Week 7. 49 days of shelter in place, social distancing and life in general being disrupted.
I saw a post on Facebook the other day sharing an article entitled “Zoom Fatigue”. I didn’t read the article but the title resonated with me.
weariness from bodily or mental exertion.
a cause of weariness; slow ordeal; exertion: the fatigue of driving for many hours.
Physiology. temporary diminution of the irritability or functioning of organs, tissues, or cells after excessive exertion or stimulation.
7 weeks in and the “novelty” of doing things differently is beginning to create bodily AND mental exertion.
HOWEVER – before this turns into a doom and gloom post or something that incites a flurry of comments, lets recognize that we ARE fatigued AND we can do something about it.
7 weeks is a long time for anything to stay the same.
But what CAN we do differently?
For us, we take a break from screen time on Saturday and Sunday. We don’t really need to be on the screens on the weekends, so we take a break. Oh sure, we watch TV, but for the most part, we take a break from phones and devices.
We look for opportunities to connect in other ways. We’ve taken a lot of bike rides around our immediate neighborhood and town over the last seven weeks. We spend a lot of time outside, working in the yard – landscaping, taking down trees, burning the wood in the fire pit.
We haven’t read as many books as maybe we should have but I’ll work out a plan for that, too.
We cook. A lot. Thanks to meal delivery services like Hello Fresh, Dinnerly, Home Fresh, and Marley Spoon. We get three meals delivered each week.
Now that we know the school year is ending on a virtual note and we do not know when or if summer camp will start, maybe we will start a puzzle.
The point is this – when we feel fatigued, we rest. We take a break.
We do different things.
Did you know that switching activities helps your brain take a break, too.
Let’s face it, our brains have had enough. Mental fatigue is a thing – just like mental load. Too much of anything is exhausting.
So, we take a break. We rest.
Because when we get fatigued, mentally and/or physically, we get sick.
We must maintain our mental and physical health during this time of crisis.
Sometimes, it’s known as a “mental health day” where we binge-watch our favorite TV show. Sometimes, it’s a “mental health hour”, sometimes it’s a 30 or 15-minute break. Whatever you CAN do to “reset” – that’s what you do.
There will come a time when we can vacation again and take a real break but for now, we do what we can with the resources available.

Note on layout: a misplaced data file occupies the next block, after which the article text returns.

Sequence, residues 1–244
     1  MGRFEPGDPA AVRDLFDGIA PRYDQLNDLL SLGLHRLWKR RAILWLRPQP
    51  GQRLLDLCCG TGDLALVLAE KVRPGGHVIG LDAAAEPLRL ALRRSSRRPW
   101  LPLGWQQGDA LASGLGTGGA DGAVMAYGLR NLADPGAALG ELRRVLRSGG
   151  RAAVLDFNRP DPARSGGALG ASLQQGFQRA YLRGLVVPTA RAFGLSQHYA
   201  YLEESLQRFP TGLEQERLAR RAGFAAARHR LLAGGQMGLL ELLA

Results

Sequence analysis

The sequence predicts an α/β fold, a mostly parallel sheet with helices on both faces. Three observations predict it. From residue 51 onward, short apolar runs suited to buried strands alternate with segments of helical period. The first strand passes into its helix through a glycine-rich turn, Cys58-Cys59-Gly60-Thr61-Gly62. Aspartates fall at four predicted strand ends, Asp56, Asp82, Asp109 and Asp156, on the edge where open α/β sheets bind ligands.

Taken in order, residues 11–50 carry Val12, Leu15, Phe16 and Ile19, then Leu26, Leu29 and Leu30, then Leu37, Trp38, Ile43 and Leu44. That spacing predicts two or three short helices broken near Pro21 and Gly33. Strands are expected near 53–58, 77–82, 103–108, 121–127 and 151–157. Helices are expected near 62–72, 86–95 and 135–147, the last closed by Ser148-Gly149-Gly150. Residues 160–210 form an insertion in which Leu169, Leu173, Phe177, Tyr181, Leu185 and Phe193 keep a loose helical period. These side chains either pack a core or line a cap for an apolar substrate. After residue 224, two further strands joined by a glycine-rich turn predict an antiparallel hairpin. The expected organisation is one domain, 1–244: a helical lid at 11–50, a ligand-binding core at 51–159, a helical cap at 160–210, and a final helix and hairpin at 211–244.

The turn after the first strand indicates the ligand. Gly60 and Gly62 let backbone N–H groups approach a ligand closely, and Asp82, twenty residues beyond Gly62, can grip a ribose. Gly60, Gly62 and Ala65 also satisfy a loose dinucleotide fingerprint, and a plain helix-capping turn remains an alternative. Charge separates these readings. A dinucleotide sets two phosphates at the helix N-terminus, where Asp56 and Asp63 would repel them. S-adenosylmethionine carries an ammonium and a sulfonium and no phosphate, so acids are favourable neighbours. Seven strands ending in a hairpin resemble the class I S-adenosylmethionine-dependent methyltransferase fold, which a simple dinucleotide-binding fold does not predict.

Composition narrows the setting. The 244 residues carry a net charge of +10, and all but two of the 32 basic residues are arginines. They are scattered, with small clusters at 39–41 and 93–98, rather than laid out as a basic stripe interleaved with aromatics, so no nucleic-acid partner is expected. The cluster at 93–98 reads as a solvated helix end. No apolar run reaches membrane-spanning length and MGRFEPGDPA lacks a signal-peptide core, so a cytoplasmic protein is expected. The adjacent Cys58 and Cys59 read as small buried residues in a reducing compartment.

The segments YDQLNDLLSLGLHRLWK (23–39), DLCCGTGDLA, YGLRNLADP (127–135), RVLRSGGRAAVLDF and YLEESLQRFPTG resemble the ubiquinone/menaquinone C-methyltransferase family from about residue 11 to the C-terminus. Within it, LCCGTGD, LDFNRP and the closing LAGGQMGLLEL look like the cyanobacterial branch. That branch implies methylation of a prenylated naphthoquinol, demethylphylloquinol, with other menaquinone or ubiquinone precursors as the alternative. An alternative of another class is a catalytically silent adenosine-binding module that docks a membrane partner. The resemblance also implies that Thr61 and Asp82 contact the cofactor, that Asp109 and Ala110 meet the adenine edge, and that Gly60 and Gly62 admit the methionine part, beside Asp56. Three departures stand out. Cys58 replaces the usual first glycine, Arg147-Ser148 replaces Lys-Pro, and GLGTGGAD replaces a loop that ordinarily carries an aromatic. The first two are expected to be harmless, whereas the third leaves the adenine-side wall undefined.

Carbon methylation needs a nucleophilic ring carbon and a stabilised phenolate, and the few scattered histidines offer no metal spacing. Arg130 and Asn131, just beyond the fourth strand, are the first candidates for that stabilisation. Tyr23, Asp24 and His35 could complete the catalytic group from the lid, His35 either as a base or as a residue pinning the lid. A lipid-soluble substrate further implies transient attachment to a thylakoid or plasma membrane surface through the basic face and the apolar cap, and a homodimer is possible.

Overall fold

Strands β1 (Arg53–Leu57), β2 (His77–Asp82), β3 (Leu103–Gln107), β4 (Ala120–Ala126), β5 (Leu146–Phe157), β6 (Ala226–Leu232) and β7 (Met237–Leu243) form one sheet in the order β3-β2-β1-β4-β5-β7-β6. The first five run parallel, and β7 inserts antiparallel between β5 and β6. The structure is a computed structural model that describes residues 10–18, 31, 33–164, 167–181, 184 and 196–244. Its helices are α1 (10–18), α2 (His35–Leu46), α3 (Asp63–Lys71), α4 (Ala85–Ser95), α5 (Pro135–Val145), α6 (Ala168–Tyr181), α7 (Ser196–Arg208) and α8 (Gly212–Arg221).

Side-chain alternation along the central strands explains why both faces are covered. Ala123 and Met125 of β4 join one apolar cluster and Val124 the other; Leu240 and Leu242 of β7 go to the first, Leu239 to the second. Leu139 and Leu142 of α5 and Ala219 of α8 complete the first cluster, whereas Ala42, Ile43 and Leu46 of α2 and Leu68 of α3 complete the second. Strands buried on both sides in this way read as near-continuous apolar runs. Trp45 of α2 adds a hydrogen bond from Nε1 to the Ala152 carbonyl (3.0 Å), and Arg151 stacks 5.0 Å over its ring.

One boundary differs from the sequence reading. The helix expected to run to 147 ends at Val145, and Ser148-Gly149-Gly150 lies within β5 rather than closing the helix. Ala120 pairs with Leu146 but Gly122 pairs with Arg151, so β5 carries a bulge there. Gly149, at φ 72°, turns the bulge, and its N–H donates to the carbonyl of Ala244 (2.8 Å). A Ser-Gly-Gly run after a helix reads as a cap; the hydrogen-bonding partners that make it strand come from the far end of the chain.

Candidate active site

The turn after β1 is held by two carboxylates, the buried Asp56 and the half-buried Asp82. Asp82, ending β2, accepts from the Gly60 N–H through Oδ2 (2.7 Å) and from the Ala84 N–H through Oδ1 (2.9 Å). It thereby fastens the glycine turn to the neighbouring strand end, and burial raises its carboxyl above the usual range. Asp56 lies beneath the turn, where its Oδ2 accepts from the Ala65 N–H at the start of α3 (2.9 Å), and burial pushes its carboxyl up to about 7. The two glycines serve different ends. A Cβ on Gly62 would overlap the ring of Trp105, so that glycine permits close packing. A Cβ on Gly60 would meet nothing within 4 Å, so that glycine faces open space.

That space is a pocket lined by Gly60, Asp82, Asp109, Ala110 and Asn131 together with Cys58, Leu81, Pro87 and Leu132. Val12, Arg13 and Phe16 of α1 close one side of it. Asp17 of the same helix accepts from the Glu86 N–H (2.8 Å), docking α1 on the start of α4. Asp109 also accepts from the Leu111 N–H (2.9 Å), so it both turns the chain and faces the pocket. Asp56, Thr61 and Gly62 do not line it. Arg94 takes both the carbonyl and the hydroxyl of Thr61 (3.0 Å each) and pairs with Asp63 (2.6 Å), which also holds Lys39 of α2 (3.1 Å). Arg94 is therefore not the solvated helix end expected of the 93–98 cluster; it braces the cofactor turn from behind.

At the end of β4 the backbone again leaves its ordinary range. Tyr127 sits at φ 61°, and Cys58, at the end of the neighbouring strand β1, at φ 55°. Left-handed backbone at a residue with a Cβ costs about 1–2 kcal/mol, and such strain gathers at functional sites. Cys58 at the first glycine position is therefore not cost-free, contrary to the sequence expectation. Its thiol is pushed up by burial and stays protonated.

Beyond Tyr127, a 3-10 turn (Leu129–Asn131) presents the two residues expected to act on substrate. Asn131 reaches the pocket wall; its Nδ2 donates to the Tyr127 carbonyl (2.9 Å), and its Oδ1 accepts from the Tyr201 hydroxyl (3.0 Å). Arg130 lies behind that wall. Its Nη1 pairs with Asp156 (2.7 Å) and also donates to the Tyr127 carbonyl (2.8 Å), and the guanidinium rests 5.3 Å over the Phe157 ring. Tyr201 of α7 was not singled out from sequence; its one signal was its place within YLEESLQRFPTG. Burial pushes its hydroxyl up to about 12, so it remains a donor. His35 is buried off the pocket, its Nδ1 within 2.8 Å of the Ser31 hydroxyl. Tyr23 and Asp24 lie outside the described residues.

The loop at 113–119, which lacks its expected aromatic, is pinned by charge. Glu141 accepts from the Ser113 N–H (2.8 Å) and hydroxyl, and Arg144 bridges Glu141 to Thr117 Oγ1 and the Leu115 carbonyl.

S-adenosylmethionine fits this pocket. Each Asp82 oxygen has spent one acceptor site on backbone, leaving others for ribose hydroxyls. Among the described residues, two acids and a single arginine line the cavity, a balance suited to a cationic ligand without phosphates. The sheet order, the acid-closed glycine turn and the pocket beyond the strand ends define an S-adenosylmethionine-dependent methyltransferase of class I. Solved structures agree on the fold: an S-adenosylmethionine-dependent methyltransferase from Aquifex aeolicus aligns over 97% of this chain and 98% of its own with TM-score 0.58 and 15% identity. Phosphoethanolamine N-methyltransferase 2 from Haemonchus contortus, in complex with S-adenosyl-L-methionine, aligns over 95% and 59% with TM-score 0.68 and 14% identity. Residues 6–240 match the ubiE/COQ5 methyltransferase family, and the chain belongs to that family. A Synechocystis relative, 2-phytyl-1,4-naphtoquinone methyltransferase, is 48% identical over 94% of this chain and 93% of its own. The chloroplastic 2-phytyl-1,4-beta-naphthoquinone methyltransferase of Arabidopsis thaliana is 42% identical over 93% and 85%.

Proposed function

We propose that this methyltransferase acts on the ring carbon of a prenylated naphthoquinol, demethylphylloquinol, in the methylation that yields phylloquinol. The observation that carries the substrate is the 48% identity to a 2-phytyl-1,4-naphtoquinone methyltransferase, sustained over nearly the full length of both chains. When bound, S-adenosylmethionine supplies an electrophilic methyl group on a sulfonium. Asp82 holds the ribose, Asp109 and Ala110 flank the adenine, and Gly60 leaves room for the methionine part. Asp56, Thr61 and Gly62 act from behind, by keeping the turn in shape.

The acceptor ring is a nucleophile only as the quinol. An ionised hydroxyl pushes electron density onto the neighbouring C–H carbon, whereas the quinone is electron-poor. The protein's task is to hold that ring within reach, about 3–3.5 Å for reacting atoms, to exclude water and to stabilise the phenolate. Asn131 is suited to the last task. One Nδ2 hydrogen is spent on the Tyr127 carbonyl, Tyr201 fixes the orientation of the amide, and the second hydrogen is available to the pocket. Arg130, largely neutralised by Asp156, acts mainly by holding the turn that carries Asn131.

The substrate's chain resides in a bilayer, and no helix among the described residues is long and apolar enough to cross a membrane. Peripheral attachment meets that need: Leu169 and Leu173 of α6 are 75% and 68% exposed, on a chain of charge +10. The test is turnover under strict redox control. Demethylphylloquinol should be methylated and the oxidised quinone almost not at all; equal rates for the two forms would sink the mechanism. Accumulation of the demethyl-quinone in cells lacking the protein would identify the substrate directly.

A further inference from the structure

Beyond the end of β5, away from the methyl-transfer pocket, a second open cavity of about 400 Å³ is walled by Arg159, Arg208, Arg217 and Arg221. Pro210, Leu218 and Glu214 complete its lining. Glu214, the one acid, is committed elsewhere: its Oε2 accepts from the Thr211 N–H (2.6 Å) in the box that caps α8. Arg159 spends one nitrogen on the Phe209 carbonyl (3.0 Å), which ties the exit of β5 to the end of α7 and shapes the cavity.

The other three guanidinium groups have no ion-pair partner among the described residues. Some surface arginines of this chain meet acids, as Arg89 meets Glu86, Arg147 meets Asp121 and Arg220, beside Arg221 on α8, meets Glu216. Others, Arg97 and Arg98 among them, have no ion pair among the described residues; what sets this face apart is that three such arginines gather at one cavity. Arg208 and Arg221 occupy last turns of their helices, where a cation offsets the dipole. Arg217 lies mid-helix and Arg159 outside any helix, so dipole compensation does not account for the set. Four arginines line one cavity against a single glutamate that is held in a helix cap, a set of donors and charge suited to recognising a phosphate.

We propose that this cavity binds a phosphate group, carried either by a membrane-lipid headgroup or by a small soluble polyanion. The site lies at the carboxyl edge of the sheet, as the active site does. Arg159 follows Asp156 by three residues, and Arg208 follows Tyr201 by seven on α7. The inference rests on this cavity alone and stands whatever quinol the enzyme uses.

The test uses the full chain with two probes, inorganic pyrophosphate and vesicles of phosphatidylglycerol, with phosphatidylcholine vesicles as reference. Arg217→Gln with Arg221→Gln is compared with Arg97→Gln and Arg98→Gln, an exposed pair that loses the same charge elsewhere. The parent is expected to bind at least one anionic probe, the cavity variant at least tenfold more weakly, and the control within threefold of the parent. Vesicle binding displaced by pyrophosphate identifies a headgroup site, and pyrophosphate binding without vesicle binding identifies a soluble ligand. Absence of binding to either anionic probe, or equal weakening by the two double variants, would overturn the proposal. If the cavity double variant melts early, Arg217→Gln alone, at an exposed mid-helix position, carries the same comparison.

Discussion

- Sleep – sleep is the remedy to fatigue. Make sure you are getting as much sleep as you can at night. Have time for a nap? Do that, too.
- Yoga – Yoga has been an excellent way for me to relax and de-stress. Granted, yoga at home – with some distractions – is not as relaxing as yoga at the studio but I have found that a 7am class on Zoom that works out ok. So thankful for my friend Mert doing this early in the morning!
- Nutrition – too much caffeine and too much alcohol and too much junk food is NOT good for your brain. We are seven weeks into this crisis. We can all find different ways to manage our stress other than too much of the stuff that isn’t good for our brains. Maybe its time for detox?
- Exercise – ok. I almost didn’t add this because this is really NOT my favorite but at least GO OUTSIDE. Work outside, talk a walk, go for a bike ride. Being outside ALWAYS makes you feel better.
- Meditation – this is NOT something that I do, but something that I know my friends do. There are apps you can get for your phone and also check YouTube. My friend Scott Cuzzo creates coloring books that would be a perfect complement to meditation.
Let us not become weary in doing good, for at the proper time we will reap a harvest if we do not give up. Galations 6:9
Yes, we need to fight the fatigue. Do things a little differently. Give our brains and our bodies a break.
But, we do not give up.
In time, we will “reap the harvest” of this time in shelter in place. I’m not even sure what that is yet, but I’m sure that when I look back on this time a year from now, I will see it.
In the meantime, it’s OK to rest.